iatee, Saturday, 4 February 2012 18:09 (2 years ago) Permalink

what if I adopt chinese baby girl instead? x-post

mh, Saturday, 4 February 2012 18:10 (2 years ago) Permalink

that depends entirely on whether or not you are a tiger mom

iatee, Saturday, 4 February 2012 18:10 (2 years ago) Permalink

guess that means you're no longer part of the tribe

dayo, Saturday, 4 February 2012 18:11 (2 years ago) Permalink

http://krugman.blogs.nytimes.com/2012/02/04/the-one-percent-versus-the-twenty-percent/

I didn't read this before I said that I swear

iatee, Saturday, 4 February 2012 18:13 (2 years ago) Permalink

haha yeah I just kind of glossed over that

I do believe that americans should stop being so individualistic though ~love your brothers and sisters~

dayo, Saturday, 4 February 2012 18:15 (2 years ago) Permalink

maybe I've just been interacting with too many libertarians lately

dayo, Saturday, 4 February 2012 18:21 (2 years ago) Permalink

i am not reading david brooks take on this book because the idea of it i have in my head is already depressing enough

yeah I mean on the one hand I think it's true that we need to look at cultural factors

i think cultural factors have to be put in proper context though. like its weird to use the gingrichian idea that young working class men 'dont value work' rather than think about the way say, our culture constructs gender roles so that young men are often shut out of low-skill low-wage service jobs like office cleaning, health care &c

Lamp, Saturday, 4 February 2012 18:34 (2 years ago) Permalink

no for sure. or if you want to go one step further start taking apart the phrase 'don't value work', the concept of 'valuing work' is itself very culturally dependent.

anyway I'm thinking about starting a gen limbo blog as a clearinghouse for this sorta stuff outside of ilx.

iatee, Saturday, 4 February 2012 18:42 (2 years ago) Permalink

for some reason you can be an individualist and still make lots of money from other people

makes you think

mh, Saturday, 4 February 2012 19:24 (2 years ago) Permalink

Funniest thing about this stupid book is how all the publications giving it a good review don't publish the subtitle

max, Saturday, 4 February 2012 19:40 (2 years ago) Permalink

seriously though lamp you should take that quiz its hilarious

max, Saturday, 4 February 2012 19:40 (2 years ago) Permalink

haha i think im still much in the shaking with rage stage of my reaction to this whole thing to laugh at it much, even the idea of w/e illiterate nyt review its gotten is making me really mad in a way that suggests i cld use some ~distance~

the whole things is just so grotesque it should be funny but its getting treated so seriously! idk

Lamp, Saturday, 4 February 2012 20:35 (2 years ago) Permalink

just as a fun fact i was given a copy of the book by someone who works in securities at a party at bar specializing in craft and boutique beers i recognize that i am part of the problem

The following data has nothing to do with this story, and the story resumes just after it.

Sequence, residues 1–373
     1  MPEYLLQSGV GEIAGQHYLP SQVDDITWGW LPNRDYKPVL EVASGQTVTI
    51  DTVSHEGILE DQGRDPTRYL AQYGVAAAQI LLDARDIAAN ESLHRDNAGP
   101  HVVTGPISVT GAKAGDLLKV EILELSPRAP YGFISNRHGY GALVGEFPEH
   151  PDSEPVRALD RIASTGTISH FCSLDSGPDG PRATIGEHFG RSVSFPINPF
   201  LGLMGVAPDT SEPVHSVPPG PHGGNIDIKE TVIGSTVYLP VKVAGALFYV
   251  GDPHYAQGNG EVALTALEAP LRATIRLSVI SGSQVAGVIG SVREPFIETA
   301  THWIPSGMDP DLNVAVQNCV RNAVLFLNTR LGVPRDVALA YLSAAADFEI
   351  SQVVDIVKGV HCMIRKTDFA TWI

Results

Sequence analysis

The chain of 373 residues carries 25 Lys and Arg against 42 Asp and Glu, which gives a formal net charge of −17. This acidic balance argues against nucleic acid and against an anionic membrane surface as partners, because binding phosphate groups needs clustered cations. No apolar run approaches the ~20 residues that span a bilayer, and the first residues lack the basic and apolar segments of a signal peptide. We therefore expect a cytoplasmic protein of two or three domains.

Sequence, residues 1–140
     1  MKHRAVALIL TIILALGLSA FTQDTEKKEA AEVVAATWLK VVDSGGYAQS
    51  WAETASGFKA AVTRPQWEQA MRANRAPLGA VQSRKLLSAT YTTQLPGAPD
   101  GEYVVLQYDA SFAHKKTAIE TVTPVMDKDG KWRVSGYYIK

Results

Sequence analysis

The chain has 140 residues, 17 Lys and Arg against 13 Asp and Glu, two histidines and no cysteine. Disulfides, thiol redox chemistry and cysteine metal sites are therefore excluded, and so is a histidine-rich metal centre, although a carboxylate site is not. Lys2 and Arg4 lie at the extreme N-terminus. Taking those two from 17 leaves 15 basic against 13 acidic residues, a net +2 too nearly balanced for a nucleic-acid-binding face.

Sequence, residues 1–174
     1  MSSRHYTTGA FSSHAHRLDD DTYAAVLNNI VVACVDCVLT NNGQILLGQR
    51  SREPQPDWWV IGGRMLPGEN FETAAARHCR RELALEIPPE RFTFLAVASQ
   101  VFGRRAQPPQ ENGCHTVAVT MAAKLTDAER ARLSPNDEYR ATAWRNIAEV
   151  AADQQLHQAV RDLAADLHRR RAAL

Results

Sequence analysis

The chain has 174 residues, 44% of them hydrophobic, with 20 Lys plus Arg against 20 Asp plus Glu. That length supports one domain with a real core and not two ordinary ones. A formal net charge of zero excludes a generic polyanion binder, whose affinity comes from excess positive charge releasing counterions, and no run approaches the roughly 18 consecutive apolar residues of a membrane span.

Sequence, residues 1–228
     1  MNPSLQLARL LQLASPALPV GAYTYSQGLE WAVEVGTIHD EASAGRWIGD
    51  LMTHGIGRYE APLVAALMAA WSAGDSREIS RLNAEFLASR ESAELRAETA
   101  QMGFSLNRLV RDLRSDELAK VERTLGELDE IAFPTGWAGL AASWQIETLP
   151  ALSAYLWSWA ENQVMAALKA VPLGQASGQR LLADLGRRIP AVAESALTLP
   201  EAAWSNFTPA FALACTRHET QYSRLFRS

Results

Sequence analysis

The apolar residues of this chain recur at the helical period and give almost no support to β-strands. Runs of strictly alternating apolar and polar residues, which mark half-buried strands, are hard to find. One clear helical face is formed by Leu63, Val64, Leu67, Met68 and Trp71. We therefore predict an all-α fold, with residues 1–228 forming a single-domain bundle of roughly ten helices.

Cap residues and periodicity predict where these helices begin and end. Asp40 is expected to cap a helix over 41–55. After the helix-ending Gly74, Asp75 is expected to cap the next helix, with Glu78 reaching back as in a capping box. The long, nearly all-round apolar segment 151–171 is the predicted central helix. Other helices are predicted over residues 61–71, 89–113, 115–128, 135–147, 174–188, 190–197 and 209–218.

Lamp, Saturday, 4 February 2012 20:36 (2 years ago) Permalink

the american right-wing has shifted so far right that the 'moderate sensible doods' like him and brooks can just say whatever the fuck they want and get a lot of attention for it. I said it somewhere else on ilx but the easiest way to get an inordinate amount of attention is to be a moderate conservative thinker right now. like, if you're not screaming "where's the birth certificate?? where's the birth certificate??' you're already in the zone where your book gets nyt attention.

iatee, Saturday, 4 February 2012 20:38 (2 years ago) Permalink

(becomes moderate conservative author)

iatee, Saturday, 4 February 2012 20:38 (2 years ago) Permalink

p embarrassing that Murray didn't get laughed out of town over the bell curve but I guess ppl love scientific proof that their racism is okay

max, Saturday, 4 February 2012 20:40 (2 years ago) Permalink

this book is p racist too tbrr

Lamp, Saturday, 4 February 2012 20:42 (2 years ago) Permalink

i know this really should have sunk in by now but it blows my mind that the state of the right wing is such that charles fucking murray can be considered a moderate anything.

horseshoe, Saturday, 4 February 2012 20:51 (2 years ago) Permalink

lying w/ numbers = moderate

iatee, Saturday, 4 February 2012 20:52 (2 years ago) Permalink

the funniest part is how he kinda hints around at the fact that asian people are essentially white, in america (xp to myself)

Lamp, Saturday, 4 February 2012 20:53 (2 years ago) Permalink

lying w/ numbers = moderate

― iatee, Saturday, February 4, 2012 3:52 PM (44 seconds ago) Bookmark Flag Post Permalink

yeah, this totally strikes me as right when you point it out it's just !!!

fuck a bunch of charles murray, at any rate

horseshoe, Saturday, 4 February 2012 20:54 (2 years ago) Permalink

ugh ive been reading some of the reviews and no one like NO ONE is willing to call out how the fundamental assumptions that govern his book are pernicious attempts to distort the underlying economic reasoning behind the stuffs hes talking abt